Of­fi­cer suf­fers from PTSD tri­bunal told

Const. Wayne Sczepan­ski has pleaded guilty to charges of in­sub­or­di­na­tion and dis­cred­itable con­duct, not guilty to a sin­gle charge of de­ceit

Sentinel-Review (Woodstock) - - FRONT PAGE - HRivers@post­media.com HEATHER RIVERS

A tri­bunal held un­der the Po­lice Ser­vices Act for a Wood­stock po­lice of­fi­cer was un­ex­pected ly in­ter­rupted Tues­day morn­ing due to ill­ness.

Const. Wayne Sczepan­ski, who is cur­rently sus­pended with pay from the Wood­stock Po­lice Ser­vice, told his lawyer, Glen Don­ald, he was not feel­ing well and needed to go to Wood­stock Hospi­tal.

Sczepan­ski has pleaded guilty to charges of in­sub­or­di­na­tion and dis­cred­itable con­duct but not guilty to a sin­gle charge of de­ceit.

Details of what those charges re­late to have yet to be dis­closed.

Just prior to his de­par­ture Tues­day morn­ing, the 36-year veteran was an­swer­ing ques­tions from the Wood­stock ser­vice’s lawyer re­lat­ing to a time­line of Sczepan­ski’s med­i­cal treat­ment and per­ceived de­lays over an ex­pert med­i­cal re­port re­lated to the de­ceit charge.

Sczepan­ski, who once served a six-month tour with the United Na­tions Civil­ian Po­lice while posted in Yu­goslavia, said he was seek­ing treat­ment “to get bet­ter” and not just to get an ex­pert re­port.

“I have PTSD,” said Sczepan­ski, who had clearly be­come frus­trated by the line of ques­tion­ing. “That’s why po­lice of­fi­cers kill them­selves. I don’t want to be that po­lice of­fi­cer.”

The hear­ing was held to hear mo­tions re­lat­ing to Don­ald’s Fe­bru­ary ap­pli­ca­tion for “a rea­son­able ap­pre­hen­sion of bias” against re­tired su­per­in­ten­dent and hear­ing of­fi­cer Morris El­bers.

The ap­pli­ca­tion, which is a le­gal stan­dard for dis­qual­i­fy­ing judges or de­ci­sion mak­ers for bias, ba­si­cally calls for the hear­ing of­fi­cer to re­cuse him­self or step down.

Don­ald’s main ar­gu­ment for the ap­pli­ca­tion was a conference call that El­bers held last Fe­bru­ary that Don­ald said was con­ducted un­fairly.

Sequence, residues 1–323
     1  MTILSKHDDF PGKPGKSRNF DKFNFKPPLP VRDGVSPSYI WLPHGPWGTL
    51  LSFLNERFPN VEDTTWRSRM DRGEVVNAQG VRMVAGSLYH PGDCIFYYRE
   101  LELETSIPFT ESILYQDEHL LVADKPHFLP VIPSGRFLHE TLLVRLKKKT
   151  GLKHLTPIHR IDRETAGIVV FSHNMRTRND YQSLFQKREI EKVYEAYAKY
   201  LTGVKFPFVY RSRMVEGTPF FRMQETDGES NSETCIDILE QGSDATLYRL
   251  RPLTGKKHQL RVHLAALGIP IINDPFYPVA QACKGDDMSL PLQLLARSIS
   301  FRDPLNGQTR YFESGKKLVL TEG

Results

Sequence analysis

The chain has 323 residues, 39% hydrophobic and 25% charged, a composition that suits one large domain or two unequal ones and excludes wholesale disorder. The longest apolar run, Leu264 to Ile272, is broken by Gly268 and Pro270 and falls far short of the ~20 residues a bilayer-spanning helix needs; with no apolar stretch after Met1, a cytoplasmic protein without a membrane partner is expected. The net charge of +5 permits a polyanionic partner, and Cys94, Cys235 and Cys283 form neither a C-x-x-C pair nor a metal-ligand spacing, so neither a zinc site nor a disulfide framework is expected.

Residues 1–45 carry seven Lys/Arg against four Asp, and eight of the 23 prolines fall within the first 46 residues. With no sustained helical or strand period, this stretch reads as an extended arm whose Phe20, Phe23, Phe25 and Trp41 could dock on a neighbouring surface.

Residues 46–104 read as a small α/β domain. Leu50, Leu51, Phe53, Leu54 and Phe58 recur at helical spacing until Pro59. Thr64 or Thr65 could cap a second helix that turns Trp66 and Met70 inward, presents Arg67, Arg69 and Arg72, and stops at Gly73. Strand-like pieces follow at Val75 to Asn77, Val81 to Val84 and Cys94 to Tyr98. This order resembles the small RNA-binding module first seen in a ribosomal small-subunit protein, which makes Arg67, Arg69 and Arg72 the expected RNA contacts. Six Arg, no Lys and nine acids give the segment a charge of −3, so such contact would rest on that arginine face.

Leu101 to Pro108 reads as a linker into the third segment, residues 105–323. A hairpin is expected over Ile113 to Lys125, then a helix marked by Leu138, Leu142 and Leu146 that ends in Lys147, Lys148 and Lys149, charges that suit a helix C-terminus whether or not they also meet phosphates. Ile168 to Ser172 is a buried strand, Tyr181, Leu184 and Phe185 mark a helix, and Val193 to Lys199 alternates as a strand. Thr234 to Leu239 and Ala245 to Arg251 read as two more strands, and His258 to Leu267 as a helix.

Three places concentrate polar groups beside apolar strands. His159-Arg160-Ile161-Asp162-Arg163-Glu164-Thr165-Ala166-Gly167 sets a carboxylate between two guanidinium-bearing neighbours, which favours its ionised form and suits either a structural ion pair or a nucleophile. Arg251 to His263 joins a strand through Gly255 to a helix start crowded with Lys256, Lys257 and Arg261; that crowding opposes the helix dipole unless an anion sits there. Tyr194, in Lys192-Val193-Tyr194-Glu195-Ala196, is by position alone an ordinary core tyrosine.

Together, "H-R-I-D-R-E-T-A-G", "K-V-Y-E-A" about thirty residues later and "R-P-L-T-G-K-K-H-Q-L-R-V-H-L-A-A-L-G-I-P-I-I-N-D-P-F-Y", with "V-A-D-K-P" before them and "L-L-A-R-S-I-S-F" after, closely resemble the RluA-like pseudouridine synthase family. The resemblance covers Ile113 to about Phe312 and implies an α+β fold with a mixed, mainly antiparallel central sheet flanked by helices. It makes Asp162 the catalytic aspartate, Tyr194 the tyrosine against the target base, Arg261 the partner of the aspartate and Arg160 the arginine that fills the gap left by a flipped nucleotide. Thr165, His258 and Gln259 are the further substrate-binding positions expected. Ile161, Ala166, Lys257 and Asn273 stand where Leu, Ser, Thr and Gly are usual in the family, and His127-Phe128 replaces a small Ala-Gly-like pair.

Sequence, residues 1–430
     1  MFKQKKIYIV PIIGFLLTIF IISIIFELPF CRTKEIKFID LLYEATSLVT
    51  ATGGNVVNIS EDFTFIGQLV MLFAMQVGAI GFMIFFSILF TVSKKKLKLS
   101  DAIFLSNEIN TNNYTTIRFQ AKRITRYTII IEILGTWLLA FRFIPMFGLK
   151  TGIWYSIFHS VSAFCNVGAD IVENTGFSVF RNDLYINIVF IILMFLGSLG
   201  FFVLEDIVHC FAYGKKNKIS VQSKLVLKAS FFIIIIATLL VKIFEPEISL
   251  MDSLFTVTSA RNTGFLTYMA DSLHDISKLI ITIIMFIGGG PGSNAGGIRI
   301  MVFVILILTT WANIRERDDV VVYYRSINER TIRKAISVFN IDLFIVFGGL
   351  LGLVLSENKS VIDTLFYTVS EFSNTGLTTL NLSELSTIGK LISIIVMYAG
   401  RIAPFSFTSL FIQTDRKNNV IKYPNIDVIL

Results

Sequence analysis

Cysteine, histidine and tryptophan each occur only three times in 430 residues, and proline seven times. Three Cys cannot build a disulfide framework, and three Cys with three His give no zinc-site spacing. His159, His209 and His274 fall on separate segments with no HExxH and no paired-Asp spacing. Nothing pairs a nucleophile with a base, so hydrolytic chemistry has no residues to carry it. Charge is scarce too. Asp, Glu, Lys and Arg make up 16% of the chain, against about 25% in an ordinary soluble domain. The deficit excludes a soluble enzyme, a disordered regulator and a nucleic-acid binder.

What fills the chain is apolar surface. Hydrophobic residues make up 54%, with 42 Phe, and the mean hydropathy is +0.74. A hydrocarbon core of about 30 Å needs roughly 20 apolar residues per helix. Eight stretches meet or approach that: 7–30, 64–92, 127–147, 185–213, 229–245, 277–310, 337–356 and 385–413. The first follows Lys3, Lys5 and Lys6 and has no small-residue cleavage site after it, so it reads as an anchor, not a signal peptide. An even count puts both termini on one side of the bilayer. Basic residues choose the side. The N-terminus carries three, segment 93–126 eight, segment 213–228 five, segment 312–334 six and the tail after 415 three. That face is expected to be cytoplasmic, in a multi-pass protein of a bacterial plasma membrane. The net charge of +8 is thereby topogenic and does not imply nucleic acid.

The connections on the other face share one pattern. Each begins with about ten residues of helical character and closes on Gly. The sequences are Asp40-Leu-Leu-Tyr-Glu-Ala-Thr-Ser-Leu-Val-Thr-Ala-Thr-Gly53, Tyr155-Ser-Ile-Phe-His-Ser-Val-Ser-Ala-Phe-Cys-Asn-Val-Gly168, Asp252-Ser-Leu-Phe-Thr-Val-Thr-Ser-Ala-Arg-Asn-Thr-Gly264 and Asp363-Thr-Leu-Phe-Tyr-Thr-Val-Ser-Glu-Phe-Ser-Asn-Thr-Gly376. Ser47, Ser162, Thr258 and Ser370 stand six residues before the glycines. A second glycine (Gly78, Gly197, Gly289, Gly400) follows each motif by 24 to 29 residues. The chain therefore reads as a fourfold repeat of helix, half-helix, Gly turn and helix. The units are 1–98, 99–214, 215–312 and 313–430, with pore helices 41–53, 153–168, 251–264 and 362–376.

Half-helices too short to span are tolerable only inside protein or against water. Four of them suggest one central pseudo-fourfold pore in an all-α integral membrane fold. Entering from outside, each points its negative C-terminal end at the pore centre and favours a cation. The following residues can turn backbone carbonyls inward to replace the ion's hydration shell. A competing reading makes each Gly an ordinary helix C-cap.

He also cited a last-minute 19-page e-mail doc­u­ment from an in­ter­view with a po­ten­tial wit­ness he had re­ceived from the pros­e­cu­tor just hours be­fore the hear­ing.

El­bers also said 11th-hour e-mails with per­ti­nent in­for­ma­tion were not un­usual in cases such as this one.

In Fe­bru­ary, Don­ald said they had come very close to an agreed state­ment of facts with pros­e­cu­tor Ian John­stone, but dif­fered in three para­graphs due to his client dis­agree­ing with what one wit­ness had said.

Ac­cord­ing to El­bers, Sczepan­ski made a first ap­pear­ance in March 2016, which was fol­lowed by sev­eral tele­con­fer­ences and meet­ings while wait­ing for a med­i­cal re­port.

Sczepan­ski be­gan his ca­reer with the RCMP in New­found­land and Labrador be­fore be­ing trans­ferred to On­tario in 1990, where he worked in drug en­force­ment and pro­ceeds of crime while serv­ing with the emer­gency re­sponse team.

In Yu­goslavia, he per­formed polic­ing du­ties and pro­vided hu­man­i­tar­ian aid to dis­placed cit­i­zens dur­ing the Bos­nian War.

In 1998, he re­tired from the RCMP and joined the Wood­stock Po­lice Ser­vice, where he per­formed sev­eral func­tions, in­clud­ing ca­nine of­fi­cer han­dler for Ger­man shep­herd po­lice dog Jeri­cho.

In 2012, Sczepan­ski re­ceived an award from the Gover­nor General of Canada for ex­em­plary ser­vice in polic­ing demon­strated through “good con­duct, in­dus­try and ef­fi­ciency.”

An up­date on Sczepan­ski’s con­di­tion is ex­pected Thurs­day.

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